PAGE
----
In MMA, submission wins are as common as KO wins.
If a fan learns to appreciate what he is watching, a good old fashioned submission win can be just as satisfying as watching some big dude get put on his ass multiple times.
Many fighters come into MMA with outstanding grappling resumés. Josh Koscheck was a four-time All-American wrestler. George Sotiropoulos, a UFC lightweight, entered MMA with a BJJ (Brazilian Jiu-Jitsu) Black Belt.
Fighters who are more skilled in grappling are generally more prone to end a fight on the canvas.
A fighter who specializes in BJJ is usually going to look for a submission opportunity to finish their opponent. But some fighters are better suited for submissions.
With that being said, I give you my top 10 MMA submission artists. Enjoy.
Geroge Sotiropoulos is a great grappler. He has the size and strength (and technique) to take any fighter down.
When on the canvas, he utilizes slick transitions and top control to get a good position, and when he is finally done maneuvering, he locks in a submission.
George also has great submissions. If an opponent is defending one really well, George transitions to another very quickly, and in doing so will usually end the fight.
The only reason he isn't higher on the list? He only has 7 submission wins. Of those, he doesn't have any submission wins over anyone with any outstanding grappling credentials.
If George goes out and submits Kenny Florian or BJ Penn, he'll move up this list.
Until then, he stays here.
Joe Doerksen. He's the man. Admit it.
Joe Doerksen is a rare breed of fighter who can rack up insane amounts of submission wins, all while not being proven completely one dimensional.
Although his number of KO wins (6) pales in comparison, he has shown that he can take a beating (Tom Lawlor, UFC 113) and still come back to win the fight decisively.
His number of submission wins are second only to one other person on this list.
Although he hasn't dominated any really good fighters, he can hang with the best of them, and if he strings together a long UFC win streak, could even challenge for the title someday.
His next fight is going to be against UFC veteran CB Dolloway at UFC 119.
Former WEC Bantamweight Champion Miguel Torres is one of the true submission specialists in MMA.
In addition to a crisp stand-up game, he possesses some mean grappling, and he has used it to defeat 22 of his opponents.
Though he has fallen off in recent losses to Brian Bowles and Joseph Benavidez, he is still one of the best in the business.
He could see himself fighting for a title shot soon if he wins consecutive fights decisively, starting with Charlie Valencia at WEC 51.
Look, whether you love him or hate him, Renato "Babalu" Sobral is still a great fighter, and regardless of his actions at UFC 74, he is still one of the best grapplers in my opinion.
Despite having absolutely no striking game, he was a Brazilian wrestling National Champion, and he has a black belt in BJJ.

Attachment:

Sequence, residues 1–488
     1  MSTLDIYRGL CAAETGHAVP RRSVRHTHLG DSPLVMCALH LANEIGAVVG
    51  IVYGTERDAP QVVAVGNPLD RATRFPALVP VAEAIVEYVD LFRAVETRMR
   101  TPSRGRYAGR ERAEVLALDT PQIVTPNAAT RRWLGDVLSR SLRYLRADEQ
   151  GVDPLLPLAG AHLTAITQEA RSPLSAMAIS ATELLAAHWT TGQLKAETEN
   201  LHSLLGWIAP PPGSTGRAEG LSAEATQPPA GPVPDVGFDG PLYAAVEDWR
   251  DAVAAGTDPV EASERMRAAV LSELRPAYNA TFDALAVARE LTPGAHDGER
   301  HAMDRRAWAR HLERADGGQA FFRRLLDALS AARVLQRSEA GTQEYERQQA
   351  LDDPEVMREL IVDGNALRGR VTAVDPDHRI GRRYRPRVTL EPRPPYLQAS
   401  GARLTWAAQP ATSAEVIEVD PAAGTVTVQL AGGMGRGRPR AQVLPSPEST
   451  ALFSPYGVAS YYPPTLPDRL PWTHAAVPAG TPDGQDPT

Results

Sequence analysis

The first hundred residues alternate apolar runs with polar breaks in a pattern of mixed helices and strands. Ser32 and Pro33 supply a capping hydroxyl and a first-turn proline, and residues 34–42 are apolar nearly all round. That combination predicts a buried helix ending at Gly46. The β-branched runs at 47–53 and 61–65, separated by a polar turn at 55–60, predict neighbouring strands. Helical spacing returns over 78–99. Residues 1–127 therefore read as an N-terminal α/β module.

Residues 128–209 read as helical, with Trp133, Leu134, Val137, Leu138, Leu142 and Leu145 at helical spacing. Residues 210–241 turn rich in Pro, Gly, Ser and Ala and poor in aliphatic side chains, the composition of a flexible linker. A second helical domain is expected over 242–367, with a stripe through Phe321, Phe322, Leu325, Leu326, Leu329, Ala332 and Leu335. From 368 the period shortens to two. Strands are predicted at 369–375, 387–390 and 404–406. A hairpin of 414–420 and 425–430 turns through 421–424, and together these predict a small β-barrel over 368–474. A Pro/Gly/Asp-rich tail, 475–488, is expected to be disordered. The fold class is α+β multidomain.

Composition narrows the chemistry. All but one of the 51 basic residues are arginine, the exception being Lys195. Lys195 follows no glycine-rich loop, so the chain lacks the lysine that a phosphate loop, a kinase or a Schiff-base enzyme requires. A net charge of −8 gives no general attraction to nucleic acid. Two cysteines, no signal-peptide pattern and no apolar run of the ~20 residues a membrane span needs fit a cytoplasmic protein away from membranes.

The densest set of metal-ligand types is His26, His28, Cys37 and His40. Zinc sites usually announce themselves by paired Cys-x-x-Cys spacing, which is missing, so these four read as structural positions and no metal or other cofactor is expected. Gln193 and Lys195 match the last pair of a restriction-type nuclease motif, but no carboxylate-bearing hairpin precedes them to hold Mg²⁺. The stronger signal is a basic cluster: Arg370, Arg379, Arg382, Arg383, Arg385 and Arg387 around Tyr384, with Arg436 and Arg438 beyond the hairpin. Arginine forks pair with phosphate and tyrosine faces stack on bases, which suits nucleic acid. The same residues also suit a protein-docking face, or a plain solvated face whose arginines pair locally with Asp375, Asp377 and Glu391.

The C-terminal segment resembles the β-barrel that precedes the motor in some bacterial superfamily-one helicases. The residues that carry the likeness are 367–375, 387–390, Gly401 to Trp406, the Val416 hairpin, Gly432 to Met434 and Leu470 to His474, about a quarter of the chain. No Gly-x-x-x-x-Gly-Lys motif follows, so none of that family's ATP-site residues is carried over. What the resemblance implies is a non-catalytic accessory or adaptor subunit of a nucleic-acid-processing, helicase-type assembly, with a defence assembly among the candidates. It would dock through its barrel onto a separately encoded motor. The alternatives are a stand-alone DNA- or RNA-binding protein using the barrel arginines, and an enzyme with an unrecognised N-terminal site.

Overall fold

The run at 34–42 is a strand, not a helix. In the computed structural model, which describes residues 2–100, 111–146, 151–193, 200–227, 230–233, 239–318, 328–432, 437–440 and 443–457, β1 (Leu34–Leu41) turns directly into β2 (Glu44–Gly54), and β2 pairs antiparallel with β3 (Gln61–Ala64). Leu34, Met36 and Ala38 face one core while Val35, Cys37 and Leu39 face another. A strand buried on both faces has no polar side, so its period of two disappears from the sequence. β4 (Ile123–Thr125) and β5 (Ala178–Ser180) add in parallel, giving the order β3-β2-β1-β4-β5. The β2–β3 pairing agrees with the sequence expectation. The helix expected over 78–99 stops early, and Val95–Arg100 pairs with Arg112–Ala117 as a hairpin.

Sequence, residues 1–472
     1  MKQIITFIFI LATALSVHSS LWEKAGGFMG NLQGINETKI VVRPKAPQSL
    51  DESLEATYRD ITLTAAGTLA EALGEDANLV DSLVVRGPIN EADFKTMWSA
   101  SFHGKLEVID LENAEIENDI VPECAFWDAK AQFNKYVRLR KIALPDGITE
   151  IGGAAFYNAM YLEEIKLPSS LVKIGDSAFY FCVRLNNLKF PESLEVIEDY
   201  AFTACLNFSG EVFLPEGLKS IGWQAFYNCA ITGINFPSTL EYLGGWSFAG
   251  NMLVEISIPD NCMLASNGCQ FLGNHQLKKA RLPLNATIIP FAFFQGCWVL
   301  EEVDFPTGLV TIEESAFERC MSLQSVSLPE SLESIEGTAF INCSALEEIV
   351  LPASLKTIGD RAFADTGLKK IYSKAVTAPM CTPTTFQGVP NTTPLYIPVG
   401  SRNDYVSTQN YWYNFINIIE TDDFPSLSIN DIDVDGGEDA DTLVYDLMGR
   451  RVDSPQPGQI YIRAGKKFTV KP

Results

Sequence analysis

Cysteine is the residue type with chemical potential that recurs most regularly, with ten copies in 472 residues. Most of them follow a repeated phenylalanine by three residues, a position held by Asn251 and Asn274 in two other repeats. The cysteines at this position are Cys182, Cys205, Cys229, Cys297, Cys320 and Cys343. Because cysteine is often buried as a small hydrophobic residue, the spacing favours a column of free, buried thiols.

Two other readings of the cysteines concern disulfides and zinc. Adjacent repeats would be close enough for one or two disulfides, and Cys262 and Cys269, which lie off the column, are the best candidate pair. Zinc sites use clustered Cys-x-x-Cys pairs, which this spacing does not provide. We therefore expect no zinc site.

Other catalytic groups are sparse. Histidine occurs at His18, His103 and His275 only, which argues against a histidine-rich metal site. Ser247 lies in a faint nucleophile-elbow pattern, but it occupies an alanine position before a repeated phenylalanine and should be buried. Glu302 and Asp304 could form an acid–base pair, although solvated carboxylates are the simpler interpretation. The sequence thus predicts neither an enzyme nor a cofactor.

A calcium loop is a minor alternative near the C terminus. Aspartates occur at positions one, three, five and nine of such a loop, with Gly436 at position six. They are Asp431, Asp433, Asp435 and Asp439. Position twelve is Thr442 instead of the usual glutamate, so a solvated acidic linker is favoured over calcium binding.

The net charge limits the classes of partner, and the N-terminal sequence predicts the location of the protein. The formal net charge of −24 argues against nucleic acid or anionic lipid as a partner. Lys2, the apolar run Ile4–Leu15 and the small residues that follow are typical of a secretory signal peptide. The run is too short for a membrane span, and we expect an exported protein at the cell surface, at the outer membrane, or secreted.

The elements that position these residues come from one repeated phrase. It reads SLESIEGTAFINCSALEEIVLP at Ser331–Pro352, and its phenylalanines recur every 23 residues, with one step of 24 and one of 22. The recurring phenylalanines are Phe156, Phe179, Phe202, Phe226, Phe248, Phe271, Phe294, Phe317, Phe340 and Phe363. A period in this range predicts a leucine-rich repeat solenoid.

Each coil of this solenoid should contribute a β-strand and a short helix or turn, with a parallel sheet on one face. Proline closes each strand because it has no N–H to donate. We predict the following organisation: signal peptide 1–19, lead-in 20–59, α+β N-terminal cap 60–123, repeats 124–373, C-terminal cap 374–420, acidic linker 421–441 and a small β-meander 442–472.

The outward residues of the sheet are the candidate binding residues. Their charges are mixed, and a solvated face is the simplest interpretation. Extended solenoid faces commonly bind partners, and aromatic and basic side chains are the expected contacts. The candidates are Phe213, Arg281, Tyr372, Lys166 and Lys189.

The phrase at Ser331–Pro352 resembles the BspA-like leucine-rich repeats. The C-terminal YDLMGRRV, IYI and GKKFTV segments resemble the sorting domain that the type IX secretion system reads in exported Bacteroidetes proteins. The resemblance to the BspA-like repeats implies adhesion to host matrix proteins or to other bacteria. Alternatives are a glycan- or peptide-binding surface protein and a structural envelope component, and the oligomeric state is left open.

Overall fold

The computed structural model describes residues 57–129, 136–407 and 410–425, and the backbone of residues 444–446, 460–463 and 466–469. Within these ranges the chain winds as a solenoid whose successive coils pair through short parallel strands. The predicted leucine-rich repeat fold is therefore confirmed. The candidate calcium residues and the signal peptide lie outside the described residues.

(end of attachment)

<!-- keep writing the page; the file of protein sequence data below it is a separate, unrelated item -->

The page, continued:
Although many fighters have a BJJ black belt, overall technical ability still differs, and Babalu is near the top of the heap in both submission ability and grappling technique.
That's enough to earn a spot on my list, despite the whole UFC 74 controversy.
Although he could possibly be more famous for taking part in the famous post-Strikeforce: Nashville brawl this past April, Nate Diaz is also famous for possessing one of the more well rounded skill-sets in MMA.
However, this fighter prefers to grapple, and what a grappler he is. Although he is only a brown-belt in BJJ, he has already managed to submit many higher ranked opponents.
He had Kurt Pellegrino, a BJJ black-belt, in such a well placed choke that Diaz even had time to show off for the crowd before finishing it.
After KO'ing Rory Markham, Diaz has been given a fight with Marcus Davis, and there is a very good chance he can win by submission.
Antonio Nogueira, MMA legend and UFC Heavyweight, possesses one of the biggest fighting hearts anyone has ever seen.
How many times have we seen this man getting brutalized, bloodided up, and beaten to a pulp, all before he transitions into some sick submission that forces his opponent to tap?
Despite having fairly good boxing, Big Nog (as we affectionately call him) is an absolute beast on the ground.
One of his most notable submission wins was over Tim Sylvia at UFC 81, where he took a severe beating for two and a half rounds, but then came back to lock Sylvia in a tight guillotine choke.
Although some people are ready for Big Nog to call it a career, especially after two recent KO losses, this quote by Bas Rutten should best sum up Big Nog: "You can kill him, but he'll come back from the dead and submit you."
His record is 86-10-5. He has 55 wins by submission, and he still hasn't broken 40. Ladies and gents, I give you... Jeremy Horn. Yes, Jeremy Horn.
Surprised that he made this list? Not me. Of course, I created it.
But how can an MMA submission artist list NOT have Jeremy Horn on it? This dude practically invented submission holds. While that fact may be disputable by the Gracie clan, I beg to differ.